Quantcast
Last updated on April 17, 2014 at 21:23 EDT

New Study Published in Journal of American College Health Shows Significant Reductions In Serious Alcohol-Related Consequences Among College Students

August 11, 2008

CHARLOTTESVILLE, Va., Aug. 11 /PRNewswire/ — A new study shows significant decreases in serious alcohol-related problems among students at the University of Virginia (UVa) — including drinking and driving, alcohol-related injury/fighting, taking sexual risks and missed classes — as a result of a six-year campus-wide social norms marketing campaign. The study’s findings are in stark contrast to national statistics on college drinking, which show no change or even slight increases in self-reported negative consequences during a similar time period.

Social norms research has shown that students are influenced by perceptions, whether right or wrong, and tend to behave according to what they perceive to be normal. So, if they perceive a negative attitude or behavior to be normal, they are more likely to engage in that behavior or adopt that attitude. Social norms marketing is a comprehensive approach that includes gathering credible data and communicating accurate information about the prevalence of healthy behaviors and attitudes among peers.

To correct misperceptions and change behaviors on a college campus, social norms campaigns give students accurate information about the prevalence of healthy behaviors and attitudes among their peers. At UVa, previous surveys had shown that students grossly overestimated the amount and frequency of campus drinking, and underestimated the frequency of protective behaviors, such as stopping a friend from driving drunk.

   WHAT:  The social norms media campaign used a series of highly-visible          posters, table tents and student presentations correcting the          students' perceptions of heavy campus drinking.  Information was          also provided on norms regarding protective behaviors.  An          anonymous Web-based survey assessed the impact of the campaign on          10 negative consequences of drinking.  Approximately 2,500 students          were surveyed annually over the six-year period.           Key findings include:          -- The likelihood of experiencing none of the 10 negative             consequences increased by 113%.             -- Some negative consequences as a result of drinking include                fighting, having unprotected sex, damaging property and                missing classes             -- Over 9,000 more students experienced NO consequences related                to alcohol during the study          -- The chances of experiencing multiple negative consequences             decreased by 57%.          -- First-year students reported a 22% decline in the odds of             experiencing multiple negative consequences, and a 24% reduction             in the odds of having an estimated blood alcohol content (eBAC)             greater than .08 the last time they partied.          -- An estimated 1,972 fewer students were injured by alcohol; 1,511             fewer drove under the influence; and 553 fewer engaged in             drinking-related unprotected sex in 2006 compared to 2001,             respectively, as a result of the campaign (based on a total             undergraduate population of 12,500).            The study, "Declining Negative Consequences Related to Alcohol          Misuse Among Students Exposed to Social Norms Marketing          Intervention on A College Campus", was published in the July issue          of the Journal of American College Health.    WHY:   Alcohol use among college students causes numerous social, academic          and health-related problems and has been a significant concern for          many years.  Yet, despite publicity, interventions, and other          outreach campaigns, prevalence rates of high-risk drinking and          related consequences have changed little since 1993.    WHO:   The lead study authors are available to discuss the social norms          approach, study results and implications for other universities:           -- James C. Turner, MD, Executive Director of the National Social             Norms Institute, Professor of Internal Medicine, University of             Virginia, Charlottesville, VA          -- Jennifer Bauerle, PhD, Director of the National Social Norms             Institute          -- H. Wesley Perkins, Ph.D., Professor of Sociology, Hobart and             William Smith Colleges, Geneva, NY     CONTACT:  Jennifer Corrigan, 732-382-8898 or jenn.corrigan@comcast.net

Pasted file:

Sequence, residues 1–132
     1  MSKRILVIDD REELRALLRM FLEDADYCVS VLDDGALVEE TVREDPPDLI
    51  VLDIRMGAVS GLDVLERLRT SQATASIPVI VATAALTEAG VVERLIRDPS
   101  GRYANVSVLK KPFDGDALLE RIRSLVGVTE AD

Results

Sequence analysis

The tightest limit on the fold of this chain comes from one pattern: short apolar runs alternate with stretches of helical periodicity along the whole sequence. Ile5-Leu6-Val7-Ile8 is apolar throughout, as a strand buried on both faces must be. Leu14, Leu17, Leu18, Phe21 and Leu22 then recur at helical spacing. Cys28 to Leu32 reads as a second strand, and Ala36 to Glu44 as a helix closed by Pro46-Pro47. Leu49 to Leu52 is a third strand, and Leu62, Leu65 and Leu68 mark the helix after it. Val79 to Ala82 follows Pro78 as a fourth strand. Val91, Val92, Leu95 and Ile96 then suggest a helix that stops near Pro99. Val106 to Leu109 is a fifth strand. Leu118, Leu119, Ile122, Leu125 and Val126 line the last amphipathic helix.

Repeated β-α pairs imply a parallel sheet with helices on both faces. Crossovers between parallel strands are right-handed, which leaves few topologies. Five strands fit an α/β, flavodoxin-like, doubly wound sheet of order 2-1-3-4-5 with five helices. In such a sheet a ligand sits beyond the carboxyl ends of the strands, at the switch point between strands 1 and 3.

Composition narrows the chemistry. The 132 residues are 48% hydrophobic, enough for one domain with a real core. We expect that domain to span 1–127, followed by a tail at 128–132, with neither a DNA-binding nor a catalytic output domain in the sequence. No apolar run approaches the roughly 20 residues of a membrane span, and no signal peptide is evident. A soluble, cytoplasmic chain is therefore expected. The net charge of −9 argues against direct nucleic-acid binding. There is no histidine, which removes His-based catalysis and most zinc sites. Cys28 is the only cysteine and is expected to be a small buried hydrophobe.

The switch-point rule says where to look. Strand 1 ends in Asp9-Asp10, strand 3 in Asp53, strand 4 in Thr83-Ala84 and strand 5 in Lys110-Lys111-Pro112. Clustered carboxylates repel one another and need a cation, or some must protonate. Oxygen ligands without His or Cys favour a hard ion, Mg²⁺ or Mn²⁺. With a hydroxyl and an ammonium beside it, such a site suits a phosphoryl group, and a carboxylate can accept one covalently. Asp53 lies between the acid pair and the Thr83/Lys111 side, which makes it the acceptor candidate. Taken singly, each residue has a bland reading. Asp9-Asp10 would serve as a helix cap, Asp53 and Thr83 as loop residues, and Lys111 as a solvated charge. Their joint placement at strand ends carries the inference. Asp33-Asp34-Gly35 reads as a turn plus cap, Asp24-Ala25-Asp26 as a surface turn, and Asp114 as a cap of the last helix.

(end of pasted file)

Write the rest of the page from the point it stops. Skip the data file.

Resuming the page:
Visit http://www.virginia.edu/uvatoday/newsRelease.php?id=6026 to access a photo of lead authors and MP3 of Dr. James Turner discussing the study.

University of Virginia

CONTACT: Jennifer Corrigan, +1-732-382-8898, jenn.corrigan@comcast.net

Web site: http://www.virginia.edu/uvatoday/newsRelease.php?id=6026